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Evangelism

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    The Singing Evangelist

    Preparing for Song Evangelism—There should be much more interest in voice culture than is now generally manifested. Students who have learned to sing sweet gospel songs with melody and distinctness can do much good as singing evangelists. They will find many opportunities to use the talent that God has given them, carrying melody and sunshine into many lonely places darkened by sin and sorrow and affliction, singing to those who seldom have church privileges.—The Review and Herald, August 27, 1903.Ev 504.1

    A Power to Win Souls—There is great pathos and music in the human voice, and if the learner will make determined efforts, he will acquire habits of talking and singing that will be to him a power to win souls to Christ.—Manuscript 22, 1886.Ev 504.2

    Bearing a Special Message in Song—There are those who have a special gift of song, and there are times when a special message is borne by one singing alone or by several uniting in song. But the singing is seldom to be done by a few. The ability to sing is a talent of influence, which God desires all to cultivate and use to His name's glory.—Testimonies For The Church 7:115, 116 (1902).Ev 504.3

    Clear Intonations—Distinct Utterance—No words can properly set forth the deep blessedness of genuine worship. When human beings sing with the Spirit and the understanding, heavenly musicians take up the strain, and join in the song of thanksgiving. He who has bestowed upon us all the gifts that enable us to be workers together with God, expects His servants to cultivate their voices, so that they can speak and sing in a way that all can understand. It is not loud singing that is needed, but clear intonation, correct pronunciation, and distinct utterance. Let all take time to cultivate the voice, so that God's praise can be sung in clear, soft tones, not with harshness and shrillness that offend the ear. The ability to sing is the gift of God; let it be used to His glory.—Testimonies For The Church 9:143, 144 (1909).Ev 504.4

    Factors in Effectual Music—Music can be a great power for good; yet we do not make the most of this branch of worship. The singing is generally done from impulse or to meet special cases, and at other times those who sing are left to blunder along, and the music loses its proper effect upon the minds of those present. Music should have beauty, pathos, and power. Let the voices be lifted in songs of praise and devotion. Call to your aid, if practicable, instrumental music, and let the glorious harmony ascend to God, an acceptable offering.Ev 505.1

    But it is sometimes more difficult to discipline the singers and keep them in working order, than to improve the habits of praying and exhorting. Many want to do things after their own style; they object to consultation, and are impatient under leadership. Well-matured plans are needed in the service of God. Common sense is an excellent thing in the worship of the Lord.—Gospel Workers, 325 (1892).Ev 505.2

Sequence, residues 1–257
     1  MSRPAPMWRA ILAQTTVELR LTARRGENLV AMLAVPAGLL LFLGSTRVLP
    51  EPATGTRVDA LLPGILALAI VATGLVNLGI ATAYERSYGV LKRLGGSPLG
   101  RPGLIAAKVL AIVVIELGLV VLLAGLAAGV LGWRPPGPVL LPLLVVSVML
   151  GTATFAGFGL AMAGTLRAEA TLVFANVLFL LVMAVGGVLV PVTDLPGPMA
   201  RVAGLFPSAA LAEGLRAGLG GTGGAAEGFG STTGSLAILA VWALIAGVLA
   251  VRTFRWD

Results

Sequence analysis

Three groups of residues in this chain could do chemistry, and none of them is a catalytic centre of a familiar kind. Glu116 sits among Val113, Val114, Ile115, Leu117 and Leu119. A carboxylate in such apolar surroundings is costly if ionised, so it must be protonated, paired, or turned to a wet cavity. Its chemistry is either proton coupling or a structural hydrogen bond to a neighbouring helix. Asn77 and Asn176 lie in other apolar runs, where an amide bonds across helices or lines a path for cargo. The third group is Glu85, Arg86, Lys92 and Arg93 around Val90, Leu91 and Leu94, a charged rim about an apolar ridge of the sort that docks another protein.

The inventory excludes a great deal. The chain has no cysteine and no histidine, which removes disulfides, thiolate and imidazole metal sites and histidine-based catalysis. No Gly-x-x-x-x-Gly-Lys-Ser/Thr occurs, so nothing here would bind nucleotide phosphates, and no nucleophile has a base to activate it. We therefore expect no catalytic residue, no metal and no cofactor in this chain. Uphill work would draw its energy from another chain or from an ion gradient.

The Heavenly Song Director—I have been shown the order, the perfect order, of heaven, and have been enraptured as I listened to the perfect music there. After coming out of vision, the singing here has sounded very harsh and discordant. I have seen companies of angels, who stood in a hollow square, every one having a harp of gold.... There is one angel who always leads, who first touches the harp and strikes the note, then all join in the rich, perfect music of heaven. It cannot be described. It is melody, heavenly, divine, while from every countenance beams the image of Jesus, shining with glory unspeakable.—Testimonies For The Church 1:146 (1857).Ev 505.3

    A Well-directed Song Program—A minister should not give out hymns to be sung until it has first been ascertained that they are familiar to those who sing. A proper person should be appointed to take charge of this exercise, and it should be his duty to see that such hymns are selected as can be sung with the spirit and with the understanding also.Ev 506.1

    Singing is a part of the worship of God, but in the bungling manner in which it is often conducted, it is no credit to the truth, and no honor to God. There should be system and order in this as well as every other part of the Lord's work. Organize a company of the best singers, whose voices can lead the congregation, and then let all who will, unite with them. Those who sing should make an effort to sing in harmony; they should devote some time to practice, that they may employ this talent to the glory of God.Ev 506.2

    But singing should not be allowed to divert the mind from the hours of devotion. If one must be neglected, let it be the singing.—The Review and Herald, July 24, 1883.Ev 506.3

    Attractiveness of the Human Voice—The human voice that sings the music of God from a heart filled with gratitude and thanksgiving is far more pleasing to Him than the melody of all the musical instruments ever invented by human hands.—Letter 2c, 1892.Ev 506.4

    Cautions—I was taken into some of your singing exercises, and was made to read the feelings that existed in the company, you being the prominent one. There were petty jealousies, envy, evil surmisings, and evil speaking.... The heart service is what God requires; the forms and lip service are as sounding brass and a tinkling cymbal. Your singing is for display, not to praise God with the spirit and understanding. The state of the heart reveals the quality of the religion of the professor of godliness.—Letter 1a, 1890.Ev 507.1

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